Transparent rodent
C. Pan et al., Nature Methods 13, 9 (22 August 2016) © MacMillian Publisher Ltd.

Scientists can see through these rodents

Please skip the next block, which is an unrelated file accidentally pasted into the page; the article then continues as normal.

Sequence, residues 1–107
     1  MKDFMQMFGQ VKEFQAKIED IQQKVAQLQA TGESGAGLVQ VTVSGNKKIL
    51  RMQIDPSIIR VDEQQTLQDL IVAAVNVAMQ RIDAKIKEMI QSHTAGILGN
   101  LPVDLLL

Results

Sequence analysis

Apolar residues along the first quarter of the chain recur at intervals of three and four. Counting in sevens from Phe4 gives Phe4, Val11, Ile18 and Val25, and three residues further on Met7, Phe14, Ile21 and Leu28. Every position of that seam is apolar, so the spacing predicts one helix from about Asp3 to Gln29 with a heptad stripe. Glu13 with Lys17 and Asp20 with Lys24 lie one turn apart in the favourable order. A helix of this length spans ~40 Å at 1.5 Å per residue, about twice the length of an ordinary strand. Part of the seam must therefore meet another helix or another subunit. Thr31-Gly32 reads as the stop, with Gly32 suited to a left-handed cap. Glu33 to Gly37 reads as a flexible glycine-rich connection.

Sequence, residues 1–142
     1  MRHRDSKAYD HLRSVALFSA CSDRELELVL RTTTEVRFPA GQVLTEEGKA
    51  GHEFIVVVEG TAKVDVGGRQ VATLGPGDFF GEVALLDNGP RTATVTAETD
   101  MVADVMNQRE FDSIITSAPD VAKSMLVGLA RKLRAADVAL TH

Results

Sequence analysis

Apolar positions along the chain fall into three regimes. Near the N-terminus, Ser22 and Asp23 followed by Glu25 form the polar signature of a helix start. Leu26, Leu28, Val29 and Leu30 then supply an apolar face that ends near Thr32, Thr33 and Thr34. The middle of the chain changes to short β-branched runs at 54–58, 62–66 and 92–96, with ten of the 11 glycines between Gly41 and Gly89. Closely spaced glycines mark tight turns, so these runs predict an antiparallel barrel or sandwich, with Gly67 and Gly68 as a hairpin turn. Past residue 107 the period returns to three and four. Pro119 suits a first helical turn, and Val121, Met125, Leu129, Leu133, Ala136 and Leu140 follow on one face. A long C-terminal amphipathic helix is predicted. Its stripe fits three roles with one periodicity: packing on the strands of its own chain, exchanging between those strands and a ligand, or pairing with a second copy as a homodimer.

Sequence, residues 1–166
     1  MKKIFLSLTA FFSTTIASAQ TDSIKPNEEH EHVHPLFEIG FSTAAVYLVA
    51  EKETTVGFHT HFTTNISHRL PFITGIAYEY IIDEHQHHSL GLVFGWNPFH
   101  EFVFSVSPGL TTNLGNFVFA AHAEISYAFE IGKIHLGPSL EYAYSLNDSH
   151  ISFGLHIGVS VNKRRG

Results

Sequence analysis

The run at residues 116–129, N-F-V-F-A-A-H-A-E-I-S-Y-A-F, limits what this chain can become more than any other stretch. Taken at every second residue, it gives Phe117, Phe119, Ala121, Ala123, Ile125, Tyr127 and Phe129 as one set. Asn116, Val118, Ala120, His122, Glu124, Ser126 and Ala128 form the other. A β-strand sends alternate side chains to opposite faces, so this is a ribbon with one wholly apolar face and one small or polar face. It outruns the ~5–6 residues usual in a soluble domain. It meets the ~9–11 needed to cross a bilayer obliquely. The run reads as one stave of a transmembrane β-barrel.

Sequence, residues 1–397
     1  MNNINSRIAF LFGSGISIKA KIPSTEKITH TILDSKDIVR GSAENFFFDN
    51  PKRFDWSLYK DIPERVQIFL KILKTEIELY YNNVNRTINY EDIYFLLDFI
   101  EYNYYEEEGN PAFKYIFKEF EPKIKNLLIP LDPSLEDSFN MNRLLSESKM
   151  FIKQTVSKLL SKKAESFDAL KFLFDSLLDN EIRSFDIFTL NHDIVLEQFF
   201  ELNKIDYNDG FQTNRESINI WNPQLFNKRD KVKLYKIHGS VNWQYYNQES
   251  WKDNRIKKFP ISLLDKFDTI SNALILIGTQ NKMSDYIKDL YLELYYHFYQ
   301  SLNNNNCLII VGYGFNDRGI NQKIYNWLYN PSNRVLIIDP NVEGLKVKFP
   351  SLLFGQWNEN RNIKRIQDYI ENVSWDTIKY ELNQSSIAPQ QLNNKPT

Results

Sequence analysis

Seeing through objects may seem like something straight out of a comic book, but researchers have found a way to make entire animals transparent—from their brains to their bones. The method lets fluorescent proteins visibly shine through bodies, lighting up entire vascular systems (above) and other structures. To produce such light shows, researchers treat euthanized rodents with several organic solvents to remove the water and lipids that made them opaque. The technique is dubbed uDISCO because it’s a variant of the original DISCO technique, which stands for 3D imaging of solvent-cleared organs. Although other methods like CLARITY or PARS can similarly create transparency in animal tissues, uDISCO does it for the whole body in just a few days as opposed to weeks or months. This technique allows the highest resolution images yet for a whole body, its creators report online today in Nature Methods. That should help scientists better see how a disease affects neurons throughout the body—like how a stroke can cause neuromuscular weakness—because it’s nearly impossible to reconnect the millions of neurons throughout a rodent body once dissected. uDISCO isn’t just limited to nervous system studies, either. Its applications are nearly endless, giving any scientist the seemingly superhuman ability to see through rodents.